Election, vaccine news bring signs of economic hope

Loren Rice

With Election Day in the rearview and promising developments in efforts to create an effective COVID-19 vaccine, markets reflected renewed hope that the nation’s economic recovery soon could turn a corner.

The Dow Jones Industrial Average, S&P 500 and Nasdaq indices all hit record highs on Monday, which marked the first day of trading since all major media outlets called the presidential election in favor of former Vice President Joe Biden.

Loren Rice, an associate professor of accounting and business at Clarke University in Dubuque, said a rise in optimism is not uncommon in the days following an election. Regardless of who wins, a conclusion to the process can restore a sense of normalcy.

“In general, businesses tend to put off decisions leading into a presidential election,” Rice said. “Businesses can get paralyzed by uncertainty. So many of them decide to delay big investments or hiring decisions until the election ends and that uncertainty goes away.”

But on a banner day for Wall Street, Rice said, the election wasn’t the main factor driving markets.

Pharmaceutical company Pfizer shared details on the development of a vaccine with a 90% efficacy rate, raising hopes of an eventual end to the COVID-19 crisis.

It was a rare bit of good news in a nation that had struggled to harness the spread of the virus. The number of COVID-19 cases soared past 10 million in the U.S. on Monday, and deaths were approaching 240,000.

“As a nation, we have been very unsuccessful at handling the pandemic, and now it is getting worse on an almost daily basis,” Rice said. “That news (about a vaccine) means we can do something other than what we have been doing so far. Trying something else gives people hope.”

ELECTION CONSEQUENCES

Potential policy shifts stemming from Biden’s win could provide a new blueprint for how to get out of the ongoing economic downturn.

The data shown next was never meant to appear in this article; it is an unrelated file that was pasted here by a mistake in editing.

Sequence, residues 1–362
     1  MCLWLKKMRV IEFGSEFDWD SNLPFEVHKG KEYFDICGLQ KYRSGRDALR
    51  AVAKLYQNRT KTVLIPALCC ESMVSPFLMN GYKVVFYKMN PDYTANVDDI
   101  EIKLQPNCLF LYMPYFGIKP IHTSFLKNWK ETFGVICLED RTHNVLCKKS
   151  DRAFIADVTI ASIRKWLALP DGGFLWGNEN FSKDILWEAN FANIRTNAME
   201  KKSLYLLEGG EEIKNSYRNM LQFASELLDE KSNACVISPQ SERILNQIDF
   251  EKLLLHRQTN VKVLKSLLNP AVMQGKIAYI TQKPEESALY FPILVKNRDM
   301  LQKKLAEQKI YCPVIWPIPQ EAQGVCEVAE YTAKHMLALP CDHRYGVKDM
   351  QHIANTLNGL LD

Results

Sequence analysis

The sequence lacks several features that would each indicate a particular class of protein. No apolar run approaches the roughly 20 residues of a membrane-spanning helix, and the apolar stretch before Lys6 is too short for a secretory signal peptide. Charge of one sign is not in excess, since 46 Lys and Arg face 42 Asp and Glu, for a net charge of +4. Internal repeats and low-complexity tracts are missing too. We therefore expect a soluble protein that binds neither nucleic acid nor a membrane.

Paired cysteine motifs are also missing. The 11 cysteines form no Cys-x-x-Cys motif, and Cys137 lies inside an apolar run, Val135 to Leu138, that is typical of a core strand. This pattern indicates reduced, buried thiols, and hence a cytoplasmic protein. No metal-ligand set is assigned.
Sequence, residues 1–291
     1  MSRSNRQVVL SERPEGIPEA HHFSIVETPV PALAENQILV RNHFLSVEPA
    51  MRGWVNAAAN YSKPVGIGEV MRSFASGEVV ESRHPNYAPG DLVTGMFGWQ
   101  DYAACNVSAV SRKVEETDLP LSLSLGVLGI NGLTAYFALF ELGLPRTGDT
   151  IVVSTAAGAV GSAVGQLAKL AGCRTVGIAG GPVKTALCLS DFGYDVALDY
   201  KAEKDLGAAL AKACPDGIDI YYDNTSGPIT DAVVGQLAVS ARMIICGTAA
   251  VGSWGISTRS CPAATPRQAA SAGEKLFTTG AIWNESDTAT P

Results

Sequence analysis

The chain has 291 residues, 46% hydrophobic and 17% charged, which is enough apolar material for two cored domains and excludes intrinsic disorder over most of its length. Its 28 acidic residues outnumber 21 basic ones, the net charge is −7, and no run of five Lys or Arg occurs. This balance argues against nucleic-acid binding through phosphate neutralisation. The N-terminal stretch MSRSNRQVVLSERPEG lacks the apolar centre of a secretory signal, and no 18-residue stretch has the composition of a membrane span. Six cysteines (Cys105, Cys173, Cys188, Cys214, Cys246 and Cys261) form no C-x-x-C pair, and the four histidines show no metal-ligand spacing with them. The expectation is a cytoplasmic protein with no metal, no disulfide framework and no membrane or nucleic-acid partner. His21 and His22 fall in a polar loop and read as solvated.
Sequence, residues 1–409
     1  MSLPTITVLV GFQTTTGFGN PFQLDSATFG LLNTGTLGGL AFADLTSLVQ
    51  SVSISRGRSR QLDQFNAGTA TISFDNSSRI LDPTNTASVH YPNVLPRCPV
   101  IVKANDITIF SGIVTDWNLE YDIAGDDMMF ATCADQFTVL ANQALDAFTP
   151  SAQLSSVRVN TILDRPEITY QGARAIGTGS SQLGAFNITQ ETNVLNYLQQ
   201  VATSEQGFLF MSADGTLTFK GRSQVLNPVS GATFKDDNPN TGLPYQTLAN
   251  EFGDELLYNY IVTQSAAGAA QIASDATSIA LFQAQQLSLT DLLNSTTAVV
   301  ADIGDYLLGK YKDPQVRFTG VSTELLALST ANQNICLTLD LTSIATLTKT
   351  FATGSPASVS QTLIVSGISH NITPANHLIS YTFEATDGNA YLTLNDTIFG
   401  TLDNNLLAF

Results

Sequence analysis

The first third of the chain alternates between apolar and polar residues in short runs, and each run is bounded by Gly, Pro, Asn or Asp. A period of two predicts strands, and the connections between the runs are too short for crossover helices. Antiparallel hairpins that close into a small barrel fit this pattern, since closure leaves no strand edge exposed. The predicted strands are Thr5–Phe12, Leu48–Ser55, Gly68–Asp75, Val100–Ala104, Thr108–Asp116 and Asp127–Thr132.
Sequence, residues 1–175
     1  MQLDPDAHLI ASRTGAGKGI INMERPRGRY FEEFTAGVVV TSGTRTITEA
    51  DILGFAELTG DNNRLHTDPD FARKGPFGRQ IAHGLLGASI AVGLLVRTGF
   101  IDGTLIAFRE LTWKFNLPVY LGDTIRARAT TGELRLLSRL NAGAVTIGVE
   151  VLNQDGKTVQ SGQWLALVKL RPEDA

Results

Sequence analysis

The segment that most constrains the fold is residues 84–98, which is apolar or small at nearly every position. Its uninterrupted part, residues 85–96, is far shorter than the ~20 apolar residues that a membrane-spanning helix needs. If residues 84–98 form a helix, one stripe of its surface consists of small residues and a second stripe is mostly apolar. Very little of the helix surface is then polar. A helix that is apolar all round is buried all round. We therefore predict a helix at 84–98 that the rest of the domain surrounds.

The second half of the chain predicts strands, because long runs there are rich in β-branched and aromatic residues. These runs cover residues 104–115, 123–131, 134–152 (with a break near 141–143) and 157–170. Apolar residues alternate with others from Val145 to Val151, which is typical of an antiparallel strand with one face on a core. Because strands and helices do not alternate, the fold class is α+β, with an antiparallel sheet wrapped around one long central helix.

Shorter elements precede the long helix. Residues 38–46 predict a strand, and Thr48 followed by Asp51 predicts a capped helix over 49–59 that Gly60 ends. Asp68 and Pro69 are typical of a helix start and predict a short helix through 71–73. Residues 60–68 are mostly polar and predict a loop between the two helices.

Biden has proposed more than $7 trillion in new spending over the next decade, a massive investment that would upgrade roads, bridges and highways and build the framework of a new clean-energy economy. Such large-scale investment is widely seen by economists as a viable way to boost economic recovery in difficult times.

The end of the election also raises the chances that federal lawmakers finally can pass a new stimulus package.

Congress approved a $2.2 trillion coronavirus relief package this spring that proved to be a critical safety net for business and workers alike.

Efforts to pass another, comprehensive support measure were halted in the lead-up to the election.

Eric Munshower, professor of economics at the University of Dubuque, believes the post-election landscape will have less political tension and a higher likelihood of collaboration between parties. In his view, it’s already way past due.

“A lot of small retail and restaurant businesses have just been trying to stay alive in hopes of another stimulus coming out,” he said. “From their point of view, it is crucial.”

Mark Stevens, chief investment officer for Heartland Financial USA, said the likelihood of a split Congress also is positive news for the business community. Democrats maintained control of the U.S. House of Representatives. A pair of likely runoff elections in January will determine the fate of the Senate, but most experts predict the GOP will remain in control.

“As Election Day was approaching, there was this sense that it could be a blue sweep,” Stevens said. “The fact that we are probably looking at a split Congress is a big deal because that takes major tax reform off the table.”

LOOKING AHEAD

Despite some reasons for optimism, local experts acknowledged there are a variety of factors that could slow economic growth.

President Donald Trump, who has yet to concede his race, has repeated claims of election fraud, demanded recounts and launched litigation efforts in multiple states.

An atypical transfer of power could dampen the economic boost that normally comes with it, according to Rice.

Meanwhile, there are signs that the economic recovery is not following a straight, upward path. Iowa recently reported an increase in new unemployment claims for the third consecutive week.

Munshower said it is common for recoveries to ebb and flow. However, he said the economic woes of 2020 have been unlike downturns of the past.

“As much as this has been a bizarre year, it has also been a bizarre recession,” Munshower said. “Typically, male unemployment goes up way more than female unemployment (in a recession). This time, new unemployment is heavily concentrated with females.”

This is due to the pandemic’s disproportionate impact on service-based operations such as restaurants and retail stores, which employ a high number of women. Typical recessions usually hit male-dominated industries such as construction and manufacturing.

As winter approaches, it remains to be seen whether the post-election optimism will remain. At a time when COVID-19 cases continue to surge locally, economic experts struggle to envision a sustainable economic recovery.

“We need to find short- and long-term solutions for the pandemic before we can have economic prosperity,” said Rice.